Calgary police are investigating after a body was found inside the wall of a shopping centre washroom.

“Despite the circumstances of where the body was located, investigators do not suspect foul play and the death remains classified as undetermined,” the Calgary Police Service said in a statement released Monday afternoon. “Police can confirm that the body located is an adult male, however, the victim’s identity and cause of death is still being determined.”

Police say a maintenance worker found the body at approximately 9:30 a.m. Monday after removing a wall panel to examine a faulty flushing mechanism in a fourth floor women’s washroom at the CORE Shopping Centre in downtown Calgary.

"If you were to look at the toilet, there's a panel behind it, so that when people move it would automatically flush," Calgary police spokesperson Emma Poole explained to The Canadian Press. "When they removed that panel, they found a deceased person behind that wall."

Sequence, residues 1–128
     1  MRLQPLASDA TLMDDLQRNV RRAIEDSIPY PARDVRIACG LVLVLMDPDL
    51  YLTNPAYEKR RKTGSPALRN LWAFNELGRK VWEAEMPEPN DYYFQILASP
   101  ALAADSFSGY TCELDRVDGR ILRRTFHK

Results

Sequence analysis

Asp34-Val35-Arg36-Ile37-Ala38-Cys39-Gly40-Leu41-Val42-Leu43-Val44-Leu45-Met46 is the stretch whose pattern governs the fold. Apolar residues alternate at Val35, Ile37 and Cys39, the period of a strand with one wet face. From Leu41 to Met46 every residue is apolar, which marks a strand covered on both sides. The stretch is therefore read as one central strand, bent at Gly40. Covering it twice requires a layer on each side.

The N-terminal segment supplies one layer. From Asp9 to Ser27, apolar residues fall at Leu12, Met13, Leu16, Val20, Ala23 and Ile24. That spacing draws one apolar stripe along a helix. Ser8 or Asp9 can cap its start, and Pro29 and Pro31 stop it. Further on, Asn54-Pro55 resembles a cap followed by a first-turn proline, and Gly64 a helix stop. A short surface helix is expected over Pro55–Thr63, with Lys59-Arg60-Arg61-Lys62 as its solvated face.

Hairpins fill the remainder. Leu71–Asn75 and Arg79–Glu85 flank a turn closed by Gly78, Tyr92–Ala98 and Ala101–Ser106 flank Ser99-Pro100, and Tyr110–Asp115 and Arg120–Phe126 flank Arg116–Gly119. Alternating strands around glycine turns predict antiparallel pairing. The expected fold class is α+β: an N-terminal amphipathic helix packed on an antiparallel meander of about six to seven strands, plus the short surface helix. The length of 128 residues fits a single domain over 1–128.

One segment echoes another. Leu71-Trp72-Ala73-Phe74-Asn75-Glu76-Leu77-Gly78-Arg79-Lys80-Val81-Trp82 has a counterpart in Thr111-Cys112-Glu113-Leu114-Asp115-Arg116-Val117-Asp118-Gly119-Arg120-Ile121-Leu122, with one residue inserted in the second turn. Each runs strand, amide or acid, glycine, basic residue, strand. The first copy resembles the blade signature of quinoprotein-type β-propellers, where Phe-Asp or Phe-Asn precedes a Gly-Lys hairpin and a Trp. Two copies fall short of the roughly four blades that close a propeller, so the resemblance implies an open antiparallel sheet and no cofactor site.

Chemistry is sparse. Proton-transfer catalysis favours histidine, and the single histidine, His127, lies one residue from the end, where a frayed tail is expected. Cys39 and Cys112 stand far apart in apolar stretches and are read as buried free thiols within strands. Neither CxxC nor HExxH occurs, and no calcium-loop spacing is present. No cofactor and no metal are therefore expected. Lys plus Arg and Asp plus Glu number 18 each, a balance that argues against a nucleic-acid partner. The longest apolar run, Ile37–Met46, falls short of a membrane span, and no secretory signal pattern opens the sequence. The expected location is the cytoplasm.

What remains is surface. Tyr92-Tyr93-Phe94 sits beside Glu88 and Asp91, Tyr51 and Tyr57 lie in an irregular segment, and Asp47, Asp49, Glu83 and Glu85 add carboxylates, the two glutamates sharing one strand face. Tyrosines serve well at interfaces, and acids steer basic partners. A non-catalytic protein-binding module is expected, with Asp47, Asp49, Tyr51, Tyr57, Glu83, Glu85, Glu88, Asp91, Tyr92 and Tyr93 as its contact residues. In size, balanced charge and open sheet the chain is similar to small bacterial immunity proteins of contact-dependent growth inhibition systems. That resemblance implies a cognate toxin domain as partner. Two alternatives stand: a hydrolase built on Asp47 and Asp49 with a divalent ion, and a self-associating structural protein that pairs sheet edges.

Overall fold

It is unclear how long the body had been there.

“The investigation into when the victim died and how he ended up inside the wall is still ongoing,” Calgary police added in their statement.

An autopsy is scheduled for later this week.

Part of the mall’s fourth floor food court was cordoned off by police Monday, yet during lunchtime, diners could be seen eating mere metres from the women’s washroom, which had yellow caution tape strung in front of its entrance.

Firefighters soon arrived to help extricate the body. Later Monday afternoon, a gurney was seen being wheeled out of the area.

Poole suggested it’s possible that the man had been crawling through a duct or vent before falling and getting stuck behind the toilet.

"That would be the most logical ... that it was from above," she said. "That is obviously something they would be looking at is someone crawling through the ventilation system."

In a brief statement, the mall said it will be providing counselling to the maintenance worker who made the gruesome discovery.

With files from CTV Calgary’s Alesia Fieldberg and The Canadian Press